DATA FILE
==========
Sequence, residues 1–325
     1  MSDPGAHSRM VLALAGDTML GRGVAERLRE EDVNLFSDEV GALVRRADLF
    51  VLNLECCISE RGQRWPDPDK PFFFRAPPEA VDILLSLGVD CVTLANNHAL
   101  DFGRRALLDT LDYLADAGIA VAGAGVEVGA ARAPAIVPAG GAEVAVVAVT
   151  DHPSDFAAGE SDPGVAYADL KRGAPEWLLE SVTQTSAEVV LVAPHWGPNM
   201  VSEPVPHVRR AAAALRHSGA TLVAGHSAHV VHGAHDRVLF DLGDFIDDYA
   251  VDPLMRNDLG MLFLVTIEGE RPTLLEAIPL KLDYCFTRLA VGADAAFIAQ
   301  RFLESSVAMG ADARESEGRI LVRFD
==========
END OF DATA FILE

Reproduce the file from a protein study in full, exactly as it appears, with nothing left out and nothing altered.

Sequence, residues 1–325
     1  MSDPGAHSRM VLALAGDTML GRGVAERLRE EDVNLFSDEV GALVRRADLF
    51  VLNLECCISE RGQRWPDPDK PFFFRAPPEA VDILLSLGVD CVTLANNHAL
   101  DFGRRALLDT LDYLADAGIA VAGAGVEVGA ARAPAIVPAG GAEVAVVAVT
   151  DHPSDFAAGE SDPGVAYADL KRGAPEWLLE SVTQTSAEVV LVAPHWGPNM
   201  VSEPVPHVRR AAAALRHSGA TLVAGHSAHV VHGAHDRVLF DLGDFIDDYA
   251  VDPLMRNDLG MLFLVTIEGE RPTLLEAIPL KLDYCFTRLA VGADAAFIAQ
   301  RFLESSVAMG ADARESEGRI LVRFD